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For the Week of June 22, 2015
by Rubel Shelly
“Then Jesus said, ‘Father, forgive them; for they do not know what they are doing’ ” (Luke 23:34). What must people around his cross have thought?
Hatred seems to come so easily to human beings. In a tit-for-tat world, forgiveness seems to make no sense. Why should I turn the other cheek after an insult, if I can match his – and go him one better? Why should you overlook her slight, if you can tell someone about it – and damage her reputation? Why should we not burn down your store and house, if you harm someone of my race or faith group – even destroy our entire community? I’m sure you get the point.
The top half of the front page of USA Today carried the headline “Hate in America.” A syndicated columnist wrote of how he was “filled with hatred” over the event. And a radio commentator said, “I’m not a religious person, so I don’t get what these people are saying. I just don’t understand.”
What the man was talking about – and what stands in such stark contrast to the screaming headlines and commentary – was this comment from Ethel Lance’s daughter: “I will never be able to hold her again, but I forgive you.”
“Lord,” prayed Christianity’s first martyr, “do not hold this sin against them” (Acts 7:60). Saul of Tarsus was an onlooker as Stephen offered that prayer.
Ethel Lance was one of nine people murdered last Wednesday at the end of a Bible study at the Emanuel AME Church in Charleston, SC. Her 21-year-old killer wanted to “start a race war” by his rampage. Saying that black people were “raping our women” and “taking over” the country, he opened fire with his pistol.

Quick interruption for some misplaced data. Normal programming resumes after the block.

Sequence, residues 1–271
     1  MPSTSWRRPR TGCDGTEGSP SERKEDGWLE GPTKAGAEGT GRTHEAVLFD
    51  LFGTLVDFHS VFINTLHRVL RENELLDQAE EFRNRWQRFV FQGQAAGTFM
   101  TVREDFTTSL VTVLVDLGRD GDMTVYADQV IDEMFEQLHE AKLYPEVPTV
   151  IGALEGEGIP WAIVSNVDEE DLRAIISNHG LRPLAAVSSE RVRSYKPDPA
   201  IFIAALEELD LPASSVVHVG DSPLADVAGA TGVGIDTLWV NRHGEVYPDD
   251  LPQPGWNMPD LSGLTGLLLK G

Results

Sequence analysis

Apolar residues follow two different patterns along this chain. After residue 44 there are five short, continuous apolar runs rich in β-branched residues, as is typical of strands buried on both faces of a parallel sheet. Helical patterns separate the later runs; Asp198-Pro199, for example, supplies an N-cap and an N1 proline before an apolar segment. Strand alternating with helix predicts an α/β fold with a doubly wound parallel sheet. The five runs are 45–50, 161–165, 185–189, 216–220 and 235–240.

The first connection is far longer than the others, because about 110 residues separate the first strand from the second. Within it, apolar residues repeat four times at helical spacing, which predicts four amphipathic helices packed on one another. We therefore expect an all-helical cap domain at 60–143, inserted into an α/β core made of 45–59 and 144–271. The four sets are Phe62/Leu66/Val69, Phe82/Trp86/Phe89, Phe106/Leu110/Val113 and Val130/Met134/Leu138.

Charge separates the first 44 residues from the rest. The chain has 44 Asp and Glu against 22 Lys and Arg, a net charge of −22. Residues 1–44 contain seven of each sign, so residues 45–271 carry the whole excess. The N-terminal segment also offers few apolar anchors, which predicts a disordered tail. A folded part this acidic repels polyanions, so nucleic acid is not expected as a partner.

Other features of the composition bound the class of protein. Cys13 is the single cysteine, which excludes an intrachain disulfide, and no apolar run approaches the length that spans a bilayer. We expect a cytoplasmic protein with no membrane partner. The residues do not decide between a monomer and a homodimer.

Caught 14 hours later and returned to Charleston, the murderer appeared at his initial bond hearing. He stood motionless as Ethel Lance’s daughter said she was forgiving him. His reaction? Blank face. No reaction. Flat affect.
To forgive someone is, in simplest terms, to forego hatred and to release one’s assumed right to retaliate in kind. It is to say that one has been wronged and abused but refuses payback in order to give the offender a new beginning.
If the murder had occurred on the street or in a department store, it might have generated riots. But the would-be provocateur chose – of all places – a church. He killed people who had Bibles in their laps. He murdered a pastor and a grandmother and a college student. Their commitment to the Prince of Peace and the reaction of their faith community made retaliation inappropriate. Instead of raw rage, there were hugs and tears, prayers and laments. Forgiveness!
If an evil soul meant to launch a race war, he instead generated evidence that light can conquer darkness. He chose the wrong target. He encountered some people who still believe in following the Bible’s astonishing call to forgive. And they are giving a clearer message than TV’s talking heads or our politicians.
“Be kind to one another, tenderhearted, forgiving one another, as God in Christ has forgiven you. Therefore be imitators of God, as beloved children …” (Ephesians 4:32-5:1).